Rugby's lax rules on nationality are creating more controversy than ever, with 134 foreign-born players selected to play at the World Cup in Japan. This is an advertising feature.

Naturalisation v nurture: Who wins from rugby’s eligibility laws?

The 2019 Rugby World Cup features a Scotsman playing for Canada, a Canada-born player with Ireland, an Irishman playing for the USA, an America-born star playing for England, an Englishman playing for Fiji, a Fijian playing for Australia, an Australian playing for Samoa, a Samoan playing for New Zealand and a New Zealander playing for just about everyone.

There are 134 foreign-born players at this tournament, according to figures compiled by Betway, who say that switching allegiances is, for better or worse, an intrinsic part of international rugby union.

Although there are several cases of players moving country when they are children, the ease with which adult players can move abroad, naturalise and begin representing a country to which they had no former ties is a loophole that has been exploited by most rugby-playing nations.

With the old laws, a player only needed to live in a country for three years before they become eligible for the national team.

By contrast, FIFA require footballers to live in a country for at least five years before they can take part in international football, with many associations enforcing additional restrictions on top of that.

Related: Read all about rugby’s eligibility law changes

Several high-profile omissions from the final squads for this year’s World Cup have brought the issue into even sharper focus this year.

England have selected scrum-half Willi Heinz, who was born and raised in New Zealand and has just three caps to his name.

Ireland have also been criticised for their decision to leave out 67-cap lock Devin Toner in favour of South Africa-born Jean Kleyn, who only qualified to play for them in August.

This graphic from Betway breaks down some key figures…

Things are, however, set to change, with World Rugby bringing their eligibility laws in line with FIFA by increasing the qualification period to five years at the end of 2020.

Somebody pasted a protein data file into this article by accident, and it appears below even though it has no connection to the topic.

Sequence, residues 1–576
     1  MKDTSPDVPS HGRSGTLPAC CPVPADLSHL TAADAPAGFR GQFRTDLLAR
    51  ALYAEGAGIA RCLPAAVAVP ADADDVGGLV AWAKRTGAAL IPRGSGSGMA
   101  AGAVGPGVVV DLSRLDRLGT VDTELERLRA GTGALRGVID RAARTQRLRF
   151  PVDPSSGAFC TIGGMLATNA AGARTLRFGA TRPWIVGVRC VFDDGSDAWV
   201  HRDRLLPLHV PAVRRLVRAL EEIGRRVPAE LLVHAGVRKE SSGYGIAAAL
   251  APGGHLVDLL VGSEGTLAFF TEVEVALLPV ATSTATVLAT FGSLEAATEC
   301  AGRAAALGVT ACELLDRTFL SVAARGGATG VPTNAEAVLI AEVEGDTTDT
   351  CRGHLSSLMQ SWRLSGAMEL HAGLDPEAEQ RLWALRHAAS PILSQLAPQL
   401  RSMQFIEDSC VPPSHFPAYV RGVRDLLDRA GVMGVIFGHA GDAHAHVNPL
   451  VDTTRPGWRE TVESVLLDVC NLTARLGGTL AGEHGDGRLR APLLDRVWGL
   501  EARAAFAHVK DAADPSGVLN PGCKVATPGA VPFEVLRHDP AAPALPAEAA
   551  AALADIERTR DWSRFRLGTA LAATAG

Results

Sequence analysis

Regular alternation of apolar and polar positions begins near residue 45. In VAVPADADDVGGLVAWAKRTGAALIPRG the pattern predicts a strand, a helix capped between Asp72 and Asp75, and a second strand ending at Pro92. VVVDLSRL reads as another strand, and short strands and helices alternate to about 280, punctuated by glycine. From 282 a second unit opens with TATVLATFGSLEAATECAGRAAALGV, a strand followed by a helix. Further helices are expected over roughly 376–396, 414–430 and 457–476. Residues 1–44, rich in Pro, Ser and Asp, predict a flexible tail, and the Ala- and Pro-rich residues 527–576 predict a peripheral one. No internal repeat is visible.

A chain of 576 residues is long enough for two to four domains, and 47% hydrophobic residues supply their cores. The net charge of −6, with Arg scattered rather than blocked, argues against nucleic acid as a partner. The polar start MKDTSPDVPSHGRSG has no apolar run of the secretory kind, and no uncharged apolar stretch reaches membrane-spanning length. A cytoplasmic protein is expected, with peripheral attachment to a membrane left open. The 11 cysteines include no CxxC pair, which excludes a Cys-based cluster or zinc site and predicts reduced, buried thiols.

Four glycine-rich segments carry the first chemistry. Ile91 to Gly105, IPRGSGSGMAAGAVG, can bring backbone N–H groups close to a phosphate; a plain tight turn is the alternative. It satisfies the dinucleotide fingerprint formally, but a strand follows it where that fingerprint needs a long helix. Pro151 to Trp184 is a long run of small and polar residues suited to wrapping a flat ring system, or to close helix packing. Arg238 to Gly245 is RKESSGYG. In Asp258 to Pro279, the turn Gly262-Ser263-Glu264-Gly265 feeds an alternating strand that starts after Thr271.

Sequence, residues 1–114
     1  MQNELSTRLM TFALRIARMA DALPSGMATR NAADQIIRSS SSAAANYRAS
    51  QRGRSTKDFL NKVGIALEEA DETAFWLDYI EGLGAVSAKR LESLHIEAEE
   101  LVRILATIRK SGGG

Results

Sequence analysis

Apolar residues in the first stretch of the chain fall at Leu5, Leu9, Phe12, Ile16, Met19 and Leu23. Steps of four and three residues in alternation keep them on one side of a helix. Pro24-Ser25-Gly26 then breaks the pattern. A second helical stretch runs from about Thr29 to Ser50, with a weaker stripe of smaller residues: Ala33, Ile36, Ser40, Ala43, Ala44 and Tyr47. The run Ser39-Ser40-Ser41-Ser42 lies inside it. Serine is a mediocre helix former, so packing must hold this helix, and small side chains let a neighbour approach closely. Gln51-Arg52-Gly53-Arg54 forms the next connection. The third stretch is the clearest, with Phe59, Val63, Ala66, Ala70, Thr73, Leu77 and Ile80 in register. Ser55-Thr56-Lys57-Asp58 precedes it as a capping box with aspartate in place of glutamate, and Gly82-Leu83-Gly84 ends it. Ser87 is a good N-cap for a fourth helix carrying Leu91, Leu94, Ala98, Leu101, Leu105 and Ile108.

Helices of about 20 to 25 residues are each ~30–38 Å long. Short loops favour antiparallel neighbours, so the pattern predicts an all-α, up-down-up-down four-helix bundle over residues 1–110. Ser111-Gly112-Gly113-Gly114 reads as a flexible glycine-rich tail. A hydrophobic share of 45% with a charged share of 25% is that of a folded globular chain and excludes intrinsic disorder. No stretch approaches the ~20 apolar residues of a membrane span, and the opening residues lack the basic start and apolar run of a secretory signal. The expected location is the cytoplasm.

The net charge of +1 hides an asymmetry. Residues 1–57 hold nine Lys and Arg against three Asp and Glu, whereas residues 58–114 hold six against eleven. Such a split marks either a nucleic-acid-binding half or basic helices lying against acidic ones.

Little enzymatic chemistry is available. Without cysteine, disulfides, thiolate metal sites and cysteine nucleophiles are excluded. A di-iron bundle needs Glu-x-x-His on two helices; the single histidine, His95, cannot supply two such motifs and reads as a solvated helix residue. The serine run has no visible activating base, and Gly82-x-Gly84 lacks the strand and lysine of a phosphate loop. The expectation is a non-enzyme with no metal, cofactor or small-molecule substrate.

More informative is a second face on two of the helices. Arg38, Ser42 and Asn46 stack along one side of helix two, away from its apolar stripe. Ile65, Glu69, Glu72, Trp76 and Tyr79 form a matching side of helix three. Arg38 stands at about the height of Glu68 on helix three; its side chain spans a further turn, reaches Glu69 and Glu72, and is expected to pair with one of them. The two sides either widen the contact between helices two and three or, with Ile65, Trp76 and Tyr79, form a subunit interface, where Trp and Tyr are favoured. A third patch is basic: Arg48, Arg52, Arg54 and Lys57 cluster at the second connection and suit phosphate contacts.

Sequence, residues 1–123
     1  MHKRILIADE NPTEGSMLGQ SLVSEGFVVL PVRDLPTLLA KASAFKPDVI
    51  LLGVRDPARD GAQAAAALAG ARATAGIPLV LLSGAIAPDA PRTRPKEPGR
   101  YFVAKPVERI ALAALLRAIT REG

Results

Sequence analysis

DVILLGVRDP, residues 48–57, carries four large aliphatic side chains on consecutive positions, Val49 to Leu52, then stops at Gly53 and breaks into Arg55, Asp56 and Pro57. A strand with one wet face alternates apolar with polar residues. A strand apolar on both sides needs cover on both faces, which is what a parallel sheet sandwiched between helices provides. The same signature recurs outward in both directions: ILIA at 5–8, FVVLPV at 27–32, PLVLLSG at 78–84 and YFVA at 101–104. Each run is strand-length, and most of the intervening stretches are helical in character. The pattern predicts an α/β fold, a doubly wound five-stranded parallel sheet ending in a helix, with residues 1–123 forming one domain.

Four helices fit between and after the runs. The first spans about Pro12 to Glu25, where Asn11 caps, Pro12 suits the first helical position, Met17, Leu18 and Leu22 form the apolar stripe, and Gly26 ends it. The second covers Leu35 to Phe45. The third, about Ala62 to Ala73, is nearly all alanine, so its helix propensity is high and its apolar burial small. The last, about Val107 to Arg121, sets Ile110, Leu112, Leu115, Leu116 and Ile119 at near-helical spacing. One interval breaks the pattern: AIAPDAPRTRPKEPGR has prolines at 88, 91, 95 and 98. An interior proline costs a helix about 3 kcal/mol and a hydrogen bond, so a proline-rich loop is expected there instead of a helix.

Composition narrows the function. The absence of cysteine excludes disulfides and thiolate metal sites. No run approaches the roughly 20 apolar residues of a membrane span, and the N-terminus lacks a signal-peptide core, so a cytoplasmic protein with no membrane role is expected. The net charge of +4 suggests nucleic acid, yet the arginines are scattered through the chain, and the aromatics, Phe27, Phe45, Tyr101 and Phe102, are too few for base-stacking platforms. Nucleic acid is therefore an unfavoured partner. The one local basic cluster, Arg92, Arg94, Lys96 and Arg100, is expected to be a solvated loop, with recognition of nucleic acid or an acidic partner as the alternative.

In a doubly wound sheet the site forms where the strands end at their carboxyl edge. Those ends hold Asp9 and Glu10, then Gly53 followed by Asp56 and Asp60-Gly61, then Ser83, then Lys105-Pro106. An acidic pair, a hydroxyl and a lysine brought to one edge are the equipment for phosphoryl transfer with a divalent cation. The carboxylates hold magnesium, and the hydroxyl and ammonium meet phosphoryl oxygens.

Driven by vice-president Agustin Pichot, this is an attempt to protect smaller nations from losing their best talents while helping all sides maintain their national identity.

How, then, are the new rules set to affect the landscape of international rugby union?

A look at the makeup of every World Cup squad and the statistics behind naturalisation at the tournament can help us find the answers.

There are nine more foreign-born players at this World Cup than the last.

Three countries – Tonga, Samoa and Japan – have more foreign-born players than home-grown. Scotland, the USA and Australia are not far behind.

However, Samoa and Tonga have never been beneficiaries of the system. They do, admittedly, field Australia-born and New Zealand-born athletes, but these are players with family ties to the Pacific. Players returning to their roots is not a phenomenon limited to rugby, and is not something that will change because of the new laws.

Samoa, Tonga and Fiji should, then, feel the positive effects of the imminent changes by being able to retain their best players over the coming years.

But the same cannot be said for the other four countries in question.

Unfortunately for Japan, the tournament hosts look likely to be hit hardest when the new rules come into play.

Their lucrative Top Rugby competition lures players from around the world, with most of their current foreign contingent qualifying after playing domestically for three years.

Five years is a different prospect entirely, and the Brave Blossoms will have to blood more local talent in the years to come.

This will likely mean an initial dip in performances on the pitch, followed by a slow improvement in the standard of Japanese rugby as youngsters are given more of a chance to flourish.

The USA will be in a similar position, with many of their foreign-born players qualifying during university stints or by playing in their burgeoning Major League Rugby competition.

Scotland and Australia, meanwhile, may lose out on a couple of potential ‘project players’ – those from abroad earmarked for naturalisation – but their relative riches should shield them from any real loss of depth after 2020.

That should be the case for the other top-tier nations, who will have enough domestic talent to make up for any loss of talent from abroad.

So, will the new rules have the desired effect? In a word, yes.

Bigger nations will be forced to use their own resources rather than poach from elsewhere, while smaller countries will become more competitive as they retain their best talent. 

Players will be rewarded for their loyalty, not cast aside for a quick-fix foreigner, and the identity of every national team will slowly grow stronger.

Hopefully this is certainly a step in the right direction and one that will see international rugby evolve into a more competitive beast.

This piece is sponsored by Betway.

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